In that great and now neglected source of much wisdom, the English 'Book of Common Prayer', repentance for the things that we have left undone comes before admission of things we ought not to have done. So it is even with mere regrets.

One minor regret is that I can’t trace on my increasingly ill-regulated bookshelves – there is a lot of double-parking – the best work of the notable Scottish journalist and gentle nationalist, William Power. He called it 'The World Unvisited' and I had a notion
to re-read it before using his title to sum up some more significant regrets. But it’s not a theft I could have carried through with a good conscience. I’ve probably visited as much of the world as anyone could risk (or hope for) without loosening my ties to Scotland.

What troubles me now, when my travel insurance would cost more than even a club-class fare and I worry about the risk of filling some corner of a foreign field, is that I left too many important places unvisited and in others concentrated on what was most attractive or congenial more than on what was perplexing or disconcerting.

I could offer a long list but I choose areas where my sins of omission may not merely indicate a private preference for soft options but serious weaknesses in the dominant cultures of post-imperial Britain, including an increasingly self-centred Scotland. And instead of stealing William Power’s title I merely adapt it, for it’s a matter of three Empires Unvisited – or insufficiently visited or understood.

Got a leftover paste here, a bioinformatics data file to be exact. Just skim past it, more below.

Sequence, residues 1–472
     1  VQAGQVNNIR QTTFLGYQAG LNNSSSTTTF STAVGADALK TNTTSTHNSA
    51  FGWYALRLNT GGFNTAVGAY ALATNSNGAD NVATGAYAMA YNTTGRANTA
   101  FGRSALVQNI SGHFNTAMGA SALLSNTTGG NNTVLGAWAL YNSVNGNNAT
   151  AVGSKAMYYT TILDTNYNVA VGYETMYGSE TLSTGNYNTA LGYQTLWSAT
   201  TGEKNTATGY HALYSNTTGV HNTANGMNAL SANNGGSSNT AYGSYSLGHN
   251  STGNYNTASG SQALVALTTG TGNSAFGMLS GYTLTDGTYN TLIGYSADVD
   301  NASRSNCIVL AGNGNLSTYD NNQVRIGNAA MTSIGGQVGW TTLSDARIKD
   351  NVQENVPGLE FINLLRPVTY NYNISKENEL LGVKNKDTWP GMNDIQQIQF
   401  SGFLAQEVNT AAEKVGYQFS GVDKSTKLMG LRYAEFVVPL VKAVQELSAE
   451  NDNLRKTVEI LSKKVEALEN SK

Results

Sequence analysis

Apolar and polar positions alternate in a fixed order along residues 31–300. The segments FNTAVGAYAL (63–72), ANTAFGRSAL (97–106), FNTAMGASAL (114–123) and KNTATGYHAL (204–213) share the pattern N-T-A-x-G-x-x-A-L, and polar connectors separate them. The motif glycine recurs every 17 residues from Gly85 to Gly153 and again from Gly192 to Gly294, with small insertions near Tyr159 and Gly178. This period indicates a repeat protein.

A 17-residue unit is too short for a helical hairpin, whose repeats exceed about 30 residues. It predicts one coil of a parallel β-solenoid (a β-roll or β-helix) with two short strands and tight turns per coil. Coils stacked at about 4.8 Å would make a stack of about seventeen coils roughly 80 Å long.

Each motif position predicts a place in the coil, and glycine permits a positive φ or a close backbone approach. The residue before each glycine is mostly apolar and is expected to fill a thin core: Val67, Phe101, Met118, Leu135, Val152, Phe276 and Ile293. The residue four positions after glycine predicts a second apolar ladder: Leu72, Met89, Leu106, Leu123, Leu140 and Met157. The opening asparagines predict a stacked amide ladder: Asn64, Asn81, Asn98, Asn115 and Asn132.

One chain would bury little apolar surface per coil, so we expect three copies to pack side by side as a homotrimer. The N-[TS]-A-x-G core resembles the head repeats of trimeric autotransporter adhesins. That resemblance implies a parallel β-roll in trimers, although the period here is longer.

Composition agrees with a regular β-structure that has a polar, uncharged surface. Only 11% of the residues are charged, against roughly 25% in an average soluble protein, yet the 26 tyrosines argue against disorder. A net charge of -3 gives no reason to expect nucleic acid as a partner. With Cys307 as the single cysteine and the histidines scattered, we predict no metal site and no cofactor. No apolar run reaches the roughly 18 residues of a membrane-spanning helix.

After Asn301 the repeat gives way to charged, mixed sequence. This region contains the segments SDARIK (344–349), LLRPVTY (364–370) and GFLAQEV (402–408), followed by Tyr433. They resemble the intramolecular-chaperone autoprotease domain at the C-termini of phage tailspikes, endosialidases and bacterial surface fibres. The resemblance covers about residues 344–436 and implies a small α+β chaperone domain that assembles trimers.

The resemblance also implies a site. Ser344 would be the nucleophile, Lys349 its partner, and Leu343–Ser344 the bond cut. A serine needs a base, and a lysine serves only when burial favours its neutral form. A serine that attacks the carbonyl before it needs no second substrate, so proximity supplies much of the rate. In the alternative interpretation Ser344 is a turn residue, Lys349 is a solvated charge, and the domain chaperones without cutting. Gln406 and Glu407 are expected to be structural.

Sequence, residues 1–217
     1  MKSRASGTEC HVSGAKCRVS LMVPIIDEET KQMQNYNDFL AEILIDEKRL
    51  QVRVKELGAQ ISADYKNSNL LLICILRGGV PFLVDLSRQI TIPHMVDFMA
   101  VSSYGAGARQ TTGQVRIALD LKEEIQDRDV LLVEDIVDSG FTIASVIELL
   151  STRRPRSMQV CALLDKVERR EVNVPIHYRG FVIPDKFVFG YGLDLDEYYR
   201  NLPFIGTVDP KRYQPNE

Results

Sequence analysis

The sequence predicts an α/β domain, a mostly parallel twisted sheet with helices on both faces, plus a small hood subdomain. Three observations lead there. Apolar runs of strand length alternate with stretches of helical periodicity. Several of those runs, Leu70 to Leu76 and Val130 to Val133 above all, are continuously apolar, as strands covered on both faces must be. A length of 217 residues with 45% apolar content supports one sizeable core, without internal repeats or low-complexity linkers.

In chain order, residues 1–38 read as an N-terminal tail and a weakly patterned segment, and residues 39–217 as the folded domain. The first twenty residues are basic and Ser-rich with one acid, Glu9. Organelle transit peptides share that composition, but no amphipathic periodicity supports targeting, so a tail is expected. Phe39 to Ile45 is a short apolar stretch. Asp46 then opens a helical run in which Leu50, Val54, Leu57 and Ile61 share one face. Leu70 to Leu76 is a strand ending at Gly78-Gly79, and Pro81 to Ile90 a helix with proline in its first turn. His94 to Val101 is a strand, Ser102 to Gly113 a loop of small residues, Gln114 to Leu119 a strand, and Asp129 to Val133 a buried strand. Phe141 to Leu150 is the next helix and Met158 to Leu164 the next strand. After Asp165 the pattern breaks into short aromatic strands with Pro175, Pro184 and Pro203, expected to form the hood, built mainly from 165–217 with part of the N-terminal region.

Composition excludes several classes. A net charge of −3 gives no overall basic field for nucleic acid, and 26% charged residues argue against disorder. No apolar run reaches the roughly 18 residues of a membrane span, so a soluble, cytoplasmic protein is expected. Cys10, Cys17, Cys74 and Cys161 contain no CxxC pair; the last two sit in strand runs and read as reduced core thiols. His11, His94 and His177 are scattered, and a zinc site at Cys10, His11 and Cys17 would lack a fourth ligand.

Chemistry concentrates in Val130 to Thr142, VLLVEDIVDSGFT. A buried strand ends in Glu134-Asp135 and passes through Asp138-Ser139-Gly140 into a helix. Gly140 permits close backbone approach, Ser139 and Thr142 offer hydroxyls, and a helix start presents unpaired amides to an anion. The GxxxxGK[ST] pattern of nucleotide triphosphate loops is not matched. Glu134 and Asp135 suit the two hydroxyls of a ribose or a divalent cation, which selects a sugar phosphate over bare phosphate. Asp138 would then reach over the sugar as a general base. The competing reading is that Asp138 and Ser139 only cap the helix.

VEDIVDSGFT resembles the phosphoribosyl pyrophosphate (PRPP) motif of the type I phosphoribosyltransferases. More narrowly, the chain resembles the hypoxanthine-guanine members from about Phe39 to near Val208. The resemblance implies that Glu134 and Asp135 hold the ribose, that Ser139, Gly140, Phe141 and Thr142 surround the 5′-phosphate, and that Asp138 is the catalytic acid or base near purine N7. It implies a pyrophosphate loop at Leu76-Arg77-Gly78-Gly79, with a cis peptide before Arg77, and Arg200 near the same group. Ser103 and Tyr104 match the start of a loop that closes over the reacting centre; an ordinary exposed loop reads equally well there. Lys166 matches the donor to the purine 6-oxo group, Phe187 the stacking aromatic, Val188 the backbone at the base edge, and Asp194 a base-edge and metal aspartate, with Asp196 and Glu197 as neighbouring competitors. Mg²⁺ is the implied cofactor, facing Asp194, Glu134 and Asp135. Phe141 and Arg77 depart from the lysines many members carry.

The first is the continental empire of the United States, thrust during my lifetime into such trans-continental influence and responsibilities, rich in achievements and profuse in misjudgements. I’ve spent more time there than in any country except Britain but
nothing in my travels had prepared me for the stupidest and dirtiest presidential election campaign (on both sides) in living memory and probably recorded history.

In my younger days most of my American acquaintance and friendships were generally liberal and mainly Democrat; more recently they have been moderately conservative and largely Republican. But as I think back on my travels I now realise how much of the United States I missed, inadvertently or deliberately: much of the mid-West, some of
the Deeper South, most of the dull and troubled suburbs, almost all the industrial cities in decline or transition.

I headed for the most spectacular sights and congenial company in the USA and felt at home at various times with America’s better newspapers and universities (including a 'black' one) or with sections of society in which you can enjoy an anglophilia and scotophilia that may have no trace of British ancestry. But these are not the sectors of society which made Donald Trump possible as a presidential candidate or forced Hillary Clinton into such a drab campaign, first against the bizarre challenge of the eccentric Sanders in the primaries and then amid a media frenzy inspired by Trump’s absurdities, indelicacies, and appeal to the kinds of American whom I mainly met in passing. I should have spent more time is less attractive places and with people whom I wouldn’t quickly take to. And so too should most of our politicians and broadsheet journalists.